In short, Jesus’ parade seems more like a parade of fools than an imperial parade. Although it doesn’t seem that the crowd quite gets the shift, the notion of triumph is radically trained. It is not merely about status, but a ironic twist upon status. Jesus is busy giving a wave to all his fans thinking, There is more to life than just being on top…. or its the beginning of the end, which is just another beginning.

The second half of the service this Sunday will be the passion: its the central story of the faith. It is not, however, just an intellectual exercise; nor is it meant to be a series of mere facts. The story is about you: being in character in this drama that includes Jesus.

This is one of the reasons we assign people parts in the liturgy. People take the role of Judas, of Peter, of the servants. Although we hope that those who take the role of Judas don’t get too into the character, the hope is that we can understand how at any time we can take such a role. It is the root of making choices: to see how we play in our own personal dramas. And yes, I get to play the part of the HIgh Priest.

I really don’t like it when priests play Jesus.

We change the roles up a bit: but this is a drama where you have a part. You witness the life of Jesus Christ. You shout it out to crucify him, because that is, sadly what you’d probably do. That is the warning for each of us.

The idea that this week is central to humanity’s story is to presume we do not interpret our lives as if they are propositional statements, as if the art that is our lives is reduced to mathematical propositions about the universe.

This week is a time to look at how we live what we believe. incomprehensibly, When people use the word “faith” it seems that we are insistent about knowing exactly the content of one’s “belief system.”

But there are some days, darkly cynical days, that if someone asked me about my “belief system” I want to offer a big guffaw: “Ha! beliefs? I wish I could say that I knew one thing for all time forever.”

What we can say is this: “let me tell you a story.”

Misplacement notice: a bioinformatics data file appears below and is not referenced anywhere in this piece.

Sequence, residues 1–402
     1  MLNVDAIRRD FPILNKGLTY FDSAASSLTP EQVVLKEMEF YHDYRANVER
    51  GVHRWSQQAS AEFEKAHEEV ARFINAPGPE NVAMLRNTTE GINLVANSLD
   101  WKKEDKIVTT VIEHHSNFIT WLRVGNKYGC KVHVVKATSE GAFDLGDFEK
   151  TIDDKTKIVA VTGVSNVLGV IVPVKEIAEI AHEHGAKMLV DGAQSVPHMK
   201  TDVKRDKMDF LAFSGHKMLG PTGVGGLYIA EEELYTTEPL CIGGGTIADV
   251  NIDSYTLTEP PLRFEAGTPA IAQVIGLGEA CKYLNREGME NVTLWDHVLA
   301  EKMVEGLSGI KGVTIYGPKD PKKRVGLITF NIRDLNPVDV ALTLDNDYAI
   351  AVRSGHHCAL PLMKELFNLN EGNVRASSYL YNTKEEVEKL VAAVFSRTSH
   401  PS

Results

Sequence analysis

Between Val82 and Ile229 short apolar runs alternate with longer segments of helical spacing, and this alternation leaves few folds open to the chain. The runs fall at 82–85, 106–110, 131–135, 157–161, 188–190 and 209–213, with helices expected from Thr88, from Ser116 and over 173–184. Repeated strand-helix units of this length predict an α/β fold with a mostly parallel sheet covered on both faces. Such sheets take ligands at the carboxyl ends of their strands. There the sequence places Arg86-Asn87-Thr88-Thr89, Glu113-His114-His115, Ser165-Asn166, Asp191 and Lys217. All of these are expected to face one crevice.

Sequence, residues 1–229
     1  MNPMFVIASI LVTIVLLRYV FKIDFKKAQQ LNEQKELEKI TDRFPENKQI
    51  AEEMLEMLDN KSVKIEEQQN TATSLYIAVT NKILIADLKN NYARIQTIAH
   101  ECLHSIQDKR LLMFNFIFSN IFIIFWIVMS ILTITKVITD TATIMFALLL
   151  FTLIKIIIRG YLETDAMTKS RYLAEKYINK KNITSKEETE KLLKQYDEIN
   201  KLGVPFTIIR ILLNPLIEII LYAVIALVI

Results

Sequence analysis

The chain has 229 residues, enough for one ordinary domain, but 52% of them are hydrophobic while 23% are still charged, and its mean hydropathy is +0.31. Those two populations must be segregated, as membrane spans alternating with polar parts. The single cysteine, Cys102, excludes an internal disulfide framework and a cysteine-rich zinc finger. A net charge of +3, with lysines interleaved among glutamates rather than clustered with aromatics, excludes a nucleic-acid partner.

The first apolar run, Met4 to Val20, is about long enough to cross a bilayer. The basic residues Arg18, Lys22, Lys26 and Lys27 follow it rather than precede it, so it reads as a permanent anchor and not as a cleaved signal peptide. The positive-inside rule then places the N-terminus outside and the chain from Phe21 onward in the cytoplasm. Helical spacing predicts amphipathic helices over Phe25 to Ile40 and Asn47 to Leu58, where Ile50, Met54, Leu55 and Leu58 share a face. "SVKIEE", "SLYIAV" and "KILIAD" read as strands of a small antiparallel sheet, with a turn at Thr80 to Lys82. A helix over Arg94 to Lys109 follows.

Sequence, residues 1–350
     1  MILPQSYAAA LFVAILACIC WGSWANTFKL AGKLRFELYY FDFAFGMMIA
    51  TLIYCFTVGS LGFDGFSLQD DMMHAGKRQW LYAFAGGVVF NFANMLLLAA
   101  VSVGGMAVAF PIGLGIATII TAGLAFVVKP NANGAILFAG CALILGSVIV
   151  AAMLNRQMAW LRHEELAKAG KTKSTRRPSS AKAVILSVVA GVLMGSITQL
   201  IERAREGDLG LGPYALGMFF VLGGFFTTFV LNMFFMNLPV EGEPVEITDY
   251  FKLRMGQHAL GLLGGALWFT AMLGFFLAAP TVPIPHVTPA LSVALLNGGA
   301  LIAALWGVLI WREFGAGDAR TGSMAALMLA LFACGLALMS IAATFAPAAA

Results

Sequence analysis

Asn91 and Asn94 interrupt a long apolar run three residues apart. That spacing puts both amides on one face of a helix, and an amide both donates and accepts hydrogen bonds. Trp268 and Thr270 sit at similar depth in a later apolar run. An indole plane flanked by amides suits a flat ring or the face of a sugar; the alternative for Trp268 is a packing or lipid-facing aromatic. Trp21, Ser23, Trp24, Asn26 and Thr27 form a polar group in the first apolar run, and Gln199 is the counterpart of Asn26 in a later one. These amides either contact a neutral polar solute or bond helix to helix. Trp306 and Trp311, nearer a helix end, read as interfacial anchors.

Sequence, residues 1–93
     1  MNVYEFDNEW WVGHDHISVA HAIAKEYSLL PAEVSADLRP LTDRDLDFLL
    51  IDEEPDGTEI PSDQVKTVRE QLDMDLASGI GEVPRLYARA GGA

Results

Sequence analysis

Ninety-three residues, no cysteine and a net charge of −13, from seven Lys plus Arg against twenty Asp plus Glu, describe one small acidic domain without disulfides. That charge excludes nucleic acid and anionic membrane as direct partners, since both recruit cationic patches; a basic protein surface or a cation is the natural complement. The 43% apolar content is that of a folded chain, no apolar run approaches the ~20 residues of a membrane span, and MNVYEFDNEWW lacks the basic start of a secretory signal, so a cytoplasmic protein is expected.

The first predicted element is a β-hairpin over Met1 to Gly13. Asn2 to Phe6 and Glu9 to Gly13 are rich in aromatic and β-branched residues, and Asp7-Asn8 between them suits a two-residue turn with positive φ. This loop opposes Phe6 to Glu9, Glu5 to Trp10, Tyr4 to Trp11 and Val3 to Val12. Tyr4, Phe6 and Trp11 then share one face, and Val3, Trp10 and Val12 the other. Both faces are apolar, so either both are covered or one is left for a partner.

You would be one of the characters.

One perspective on faith

Paul says in Romans: “The faith that you have, have as your own conviction before God. Blessed are those who have no reason to condemn themselves because of what they approve.”

In this passage he is making faith subjective. Faith is located in the individual. He’s almost saying, “if it feels good, do it!” He tempers this a little later in the letter, but he is also insinuating: don’t judge other people’s faith. Your conviction is your own. It’s a blessing in its own right. But it also means we can’t go around dismantling the hope of others, or judging them on their lack of confidence.

Have you ever been suspicious of the way people use the word “faith?” I have. Sometimes it seems like a short-cut for thinking, or a synonym for foolishness. “Faith-based” can also be a codeword for institutions like churches that want to have some say in the political sphere.

I believe, however, that “faith” is not merely about believing in things that simply won’t happen or in the supernatural. “Faith” is a description of what we trust. It provides a lens with which to see the world. It may be sometimes grainy, but it helps us understand what we see. In this thin sense, human beings are imbued with a faith as deep as the alphabet we use to speak.

It may also be the location where we find our strength: such as the love we have for our kids; the support we get from our loved ones; our commitment for a changed world order; in the belief that our parish can become a place to experience creativity in our communities.

“Faith” also describes those rituals, practices and thoughts that are so ingrained we don’t even reflect upon them. We aren’t even aware they are there. That we wake up, have breakfast, go to work, take care of the dog, and come home requires a habit of action that assumes the presence of millions of other actors and actions that may change at any moment. So to some extent, to say “I have faith” is to be redundant. Perhaps the best way to say we have “faith” is to say nothing at all, but merely to live confidently in the world, believing, however foolishly, that what we do matters.

Even more so, faith allows us to say that we can reflect upon our rituals, and have some choice about who we are and what we can be. It might be a faith that allows our awareness, our sensitivity, or our creativity to be harnessed to enchant the world and reveal the loveliness of the world that has been made and we continue to make. Blessed be!